[oclug] Dumb question about MP3
wisq-oclug at wisq.net
Mon Aug 21 20:40:40 EDT 2006
On Sat, Aug 19, 2006 at 04:24:33PM -0400, farrell wrote:
> CDs are already a "lossy" format, as the resolution is really low
> compared to what we can do now. Something that at 16 bit 44.1 KHz
> looks fine, may be very jaggy at higher resolutions...somewhat like
> aliasing in graphics.
As I understand it (and I could be wrong), operating at 44 kHz means
that CDs can reproduce any sound up to 22 kHz, which is slightly
beyond the normal hearing range of humans. And they can do so with
64k amplitude levels, more than any ear could distinguish, AFAIK.
> Even over the radio (FM), I could tell the difference between music
> played on a CD and a good quality vinyl, when the CBC did some
> testing on air a number of years back.
Naturally, because the vinyl introducing distortions. (And some
people prefer having those distortions versus having none.)
That's not to say that CDs are perfect; a bad CD mastering process
will introduce distortions as well, and much of the early complaints
against CDs were really complaints against sloppy, rushed CD printing
jobs in the early days of the format.
> I have been ripping my CDs to FLAC, but I am not happy with the
> results. I am going to try APE next.
This doesn't really make sense. Both are lossless formats. If you
give them the same WAV inputs, you'll get the exact same WAV outputs,
byte for byte. No loss. Ever. Any difference is a bug in the
encoder or decoder.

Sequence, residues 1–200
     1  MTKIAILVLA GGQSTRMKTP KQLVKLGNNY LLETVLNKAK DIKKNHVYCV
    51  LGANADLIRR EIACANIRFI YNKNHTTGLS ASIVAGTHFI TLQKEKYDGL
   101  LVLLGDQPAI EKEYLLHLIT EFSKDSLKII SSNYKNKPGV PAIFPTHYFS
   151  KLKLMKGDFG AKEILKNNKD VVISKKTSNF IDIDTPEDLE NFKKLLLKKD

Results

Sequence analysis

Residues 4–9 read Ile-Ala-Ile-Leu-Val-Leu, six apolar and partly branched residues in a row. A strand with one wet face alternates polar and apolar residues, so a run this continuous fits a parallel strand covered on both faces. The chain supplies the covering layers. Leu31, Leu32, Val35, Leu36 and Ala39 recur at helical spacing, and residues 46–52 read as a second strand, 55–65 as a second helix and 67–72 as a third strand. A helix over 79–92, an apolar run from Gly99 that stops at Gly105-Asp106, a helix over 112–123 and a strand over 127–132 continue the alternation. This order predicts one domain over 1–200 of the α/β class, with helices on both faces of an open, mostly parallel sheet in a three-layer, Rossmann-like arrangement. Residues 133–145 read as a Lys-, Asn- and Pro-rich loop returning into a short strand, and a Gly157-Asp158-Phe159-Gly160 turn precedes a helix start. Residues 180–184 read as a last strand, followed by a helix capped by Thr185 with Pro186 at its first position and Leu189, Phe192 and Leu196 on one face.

(And of course, FLAC is free (speech) software and cross platform,
while Monkey's Audio (.APE) is proprietary, and the only Linux version
is closed source, unsanctioned by the Monkey's Audio author, and may
be illegal due to licensing.)
Basically, if you don't like how either format sounds, then you don't
like how your CDs sound either. And if you don't like how your CDs
sound, then no lossless format is going to make them better.
> Now I don't have any radically new components, the newest piece is a
> refurb H-K reciever that does 5.1, but they are good quality
> components, and I can tell the difference between the CD, and the
> FLAC file.
Then either your ripper isn't getting a clean copy (consider
'cdparanoia'), your FLAC encoder/decoder is buggy (highly unlikely),
your media player is introducing additional audio effects, your PC's
hardware is distorting the sound, or whatever hardware you play the CD
with is distorting it (presumably in a way that sounds better to your
ears, like vinyl distortions to many people).
It can be easily proven (as per Stephen's reply) that FLAC output is
bit-for-bit identical to the input. And if the input and output have
the same bits, then they are identical pieces of digital audio, and
will sound exactly identical when run through the same player with the
I'm not saying digital audio is the solution to all the world's
problems or anything, but the bottom line is, to be called
"lossless", your encode-decode process can't change *anything*.
Any difference you hear between a CD recording and the decoded FLAC
encoding of that CD are either software bugs, hardware distortions, or
the placebo effect.
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